This Sunday in Baptist History
William Cathcart was born on this day in 1826. Despite his parents’ Scottish ancestry, his birth place was in Ireland. He was raised in Presbyterianism. He was converted to Christ at an early age, and at nineteen, when he was convinced of believer’s baptism, he was immersed and received into the Baptist church at Tubbermore.
A few years later, William felt the call of God into the ministry. He attended the University of Glasgow and Rawdon Baptist College in Yorkshire. Then he was ordained in 1850, becoming the pastor of a church near Sheffield, England. Soon after that he married Eliza Caldwell.
In 1853 the Cathcarts emigrated to America, arriving on this day in 1853. So this is a double anniversary for the Cathcarts. The following month William began a ministry in Groton, Connecticut, before being called to the Second Baptist Church in Philadelphia. He ministered there for twenty-seven years.
Elder Cathcart was a staunch Baptist, holding to a literal interpretation and application of the Bible. He was no stranger to controversy, but it stemmed from his firm faith and not from any adversarial attitude in his character. He also loved history, compiling information on God’s preachers both from the past and those whom he personally knew. Much of that collected information was edited and eventually placed into his monumental work, “The Baptist Encyclopedia.” It was first published in 1881 and has remained in print ever since. It ought to be found in every pastor’s library.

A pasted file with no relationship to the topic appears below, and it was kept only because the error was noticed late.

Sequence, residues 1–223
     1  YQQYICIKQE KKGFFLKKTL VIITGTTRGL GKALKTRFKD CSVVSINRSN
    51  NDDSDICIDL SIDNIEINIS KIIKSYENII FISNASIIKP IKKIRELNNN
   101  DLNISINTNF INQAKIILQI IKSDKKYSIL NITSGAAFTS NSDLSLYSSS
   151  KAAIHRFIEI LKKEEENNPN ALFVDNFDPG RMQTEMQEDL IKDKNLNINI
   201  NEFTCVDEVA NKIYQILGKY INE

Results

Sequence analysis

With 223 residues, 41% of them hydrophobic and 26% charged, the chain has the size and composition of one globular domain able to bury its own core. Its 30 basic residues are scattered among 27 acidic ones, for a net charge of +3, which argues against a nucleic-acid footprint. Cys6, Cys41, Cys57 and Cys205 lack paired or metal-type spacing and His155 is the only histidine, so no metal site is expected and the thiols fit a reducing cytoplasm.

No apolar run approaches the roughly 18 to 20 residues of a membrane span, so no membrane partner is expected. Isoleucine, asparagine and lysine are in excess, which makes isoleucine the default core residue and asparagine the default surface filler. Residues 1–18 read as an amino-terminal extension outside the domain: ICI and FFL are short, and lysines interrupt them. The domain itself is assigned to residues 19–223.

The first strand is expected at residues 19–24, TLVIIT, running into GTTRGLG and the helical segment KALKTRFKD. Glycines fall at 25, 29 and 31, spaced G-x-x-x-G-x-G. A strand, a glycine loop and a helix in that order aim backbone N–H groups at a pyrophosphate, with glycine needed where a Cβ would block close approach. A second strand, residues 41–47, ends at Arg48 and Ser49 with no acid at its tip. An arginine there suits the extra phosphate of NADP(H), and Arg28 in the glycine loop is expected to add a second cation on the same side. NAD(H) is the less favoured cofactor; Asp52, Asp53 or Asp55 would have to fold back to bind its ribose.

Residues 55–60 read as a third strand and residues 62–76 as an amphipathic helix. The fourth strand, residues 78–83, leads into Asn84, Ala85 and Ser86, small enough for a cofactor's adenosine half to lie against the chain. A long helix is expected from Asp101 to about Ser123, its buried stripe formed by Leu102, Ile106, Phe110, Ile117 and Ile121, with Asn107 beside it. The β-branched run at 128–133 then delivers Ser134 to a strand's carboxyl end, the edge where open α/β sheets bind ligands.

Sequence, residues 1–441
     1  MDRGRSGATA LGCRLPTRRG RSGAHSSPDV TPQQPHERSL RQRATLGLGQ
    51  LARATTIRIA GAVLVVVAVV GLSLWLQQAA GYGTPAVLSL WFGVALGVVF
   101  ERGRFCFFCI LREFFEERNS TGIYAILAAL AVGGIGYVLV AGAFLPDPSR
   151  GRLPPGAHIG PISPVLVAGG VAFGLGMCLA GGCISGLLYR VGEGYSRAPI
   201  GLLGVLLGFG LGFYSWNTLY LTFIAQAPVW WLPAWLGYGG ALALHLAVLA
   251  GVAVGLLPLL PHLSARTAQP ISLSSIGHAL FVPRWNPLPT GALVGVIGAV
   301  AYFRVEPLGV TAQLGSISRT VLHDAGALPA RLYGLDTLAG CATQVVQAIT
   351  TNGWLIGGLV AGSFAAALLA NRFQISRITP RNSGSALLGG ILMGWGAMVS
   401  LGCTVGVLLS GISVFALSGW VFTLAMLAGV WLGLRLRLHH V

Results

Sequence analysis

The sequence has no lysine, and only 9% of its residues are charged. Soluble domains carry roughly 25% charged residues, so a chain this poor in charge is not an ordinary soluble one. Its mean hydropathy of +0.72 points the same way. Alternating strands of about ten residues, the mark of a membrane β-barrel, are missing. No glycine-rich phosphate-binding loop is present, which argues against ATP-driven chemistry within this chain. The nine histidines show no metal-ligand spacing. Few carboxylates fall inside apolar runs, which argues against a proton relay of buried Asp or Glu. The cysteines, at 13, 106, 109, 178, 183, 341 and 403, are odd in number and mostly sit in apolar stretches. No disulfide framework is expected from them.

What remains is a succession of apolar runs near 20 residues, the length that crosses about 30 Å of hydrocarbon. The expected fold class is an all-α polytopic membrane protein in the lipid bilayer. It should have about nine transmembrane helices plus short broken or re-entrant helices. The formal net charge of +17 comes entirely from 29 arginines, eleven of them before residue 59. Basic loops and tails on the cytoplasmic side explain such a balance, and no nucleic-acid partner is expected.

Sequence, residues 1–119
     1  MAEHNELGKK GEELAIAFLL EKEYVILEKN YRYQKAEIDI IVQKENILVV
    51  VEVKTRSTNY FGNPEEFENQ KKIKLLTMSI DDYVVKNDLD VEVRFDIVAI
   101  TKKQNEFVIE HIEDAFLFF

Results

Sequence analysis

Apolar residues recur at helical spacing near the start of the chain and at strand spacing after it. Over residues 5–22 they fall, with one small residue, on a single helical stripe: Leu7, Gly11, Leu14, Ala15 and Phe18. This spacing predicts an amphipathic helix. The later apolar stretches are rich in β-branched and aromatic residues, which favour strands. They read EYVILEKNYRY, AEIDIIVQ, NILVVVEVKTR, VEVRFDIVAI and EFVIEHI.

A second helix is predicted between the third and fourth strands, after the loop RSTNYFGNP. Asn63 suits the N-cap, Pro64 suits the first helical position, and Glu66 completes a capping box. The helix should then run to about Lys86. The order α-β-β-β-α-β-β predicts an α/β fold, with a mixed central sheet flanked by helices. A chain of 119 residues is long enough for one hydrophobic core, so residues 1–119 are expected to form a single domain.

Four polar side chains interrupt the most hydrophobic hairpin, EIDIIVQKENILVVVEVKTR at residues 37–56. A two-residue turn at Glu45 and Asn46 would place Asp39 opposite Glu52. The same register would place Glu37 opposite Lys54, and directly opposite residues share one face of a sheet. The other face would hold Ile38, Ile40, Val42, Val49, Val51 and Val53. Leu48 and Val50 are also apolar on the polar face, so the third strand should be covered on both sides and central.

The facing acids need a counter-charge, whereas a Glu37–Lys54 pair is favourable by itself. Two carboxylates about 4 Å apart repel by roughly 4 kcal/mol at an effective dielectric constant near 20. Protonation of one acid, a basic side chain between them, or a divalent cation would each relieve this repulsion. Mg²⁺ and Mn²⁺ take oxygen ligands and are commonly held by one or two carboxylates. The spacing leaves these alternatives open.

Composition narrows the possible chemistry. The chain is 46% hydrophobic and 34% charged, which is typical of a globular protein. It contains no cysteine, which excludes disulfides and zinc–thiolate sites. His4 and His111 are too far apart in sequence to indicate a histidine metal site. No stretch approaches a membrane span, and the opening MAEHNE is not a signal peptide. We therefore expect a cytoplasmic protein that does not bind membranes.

In 1875 in honor of the centennial of the Colonies freedom from England, Cathcart put some of his research into a smaller work called “The Baptists and the American Revolution.”
Due to ill-health Cathcart retired from the pastorate in 1884, but he continued to travel when he could, encouraging God’s younger ministers. He died on July 8, 1908 at the age of eighty-one.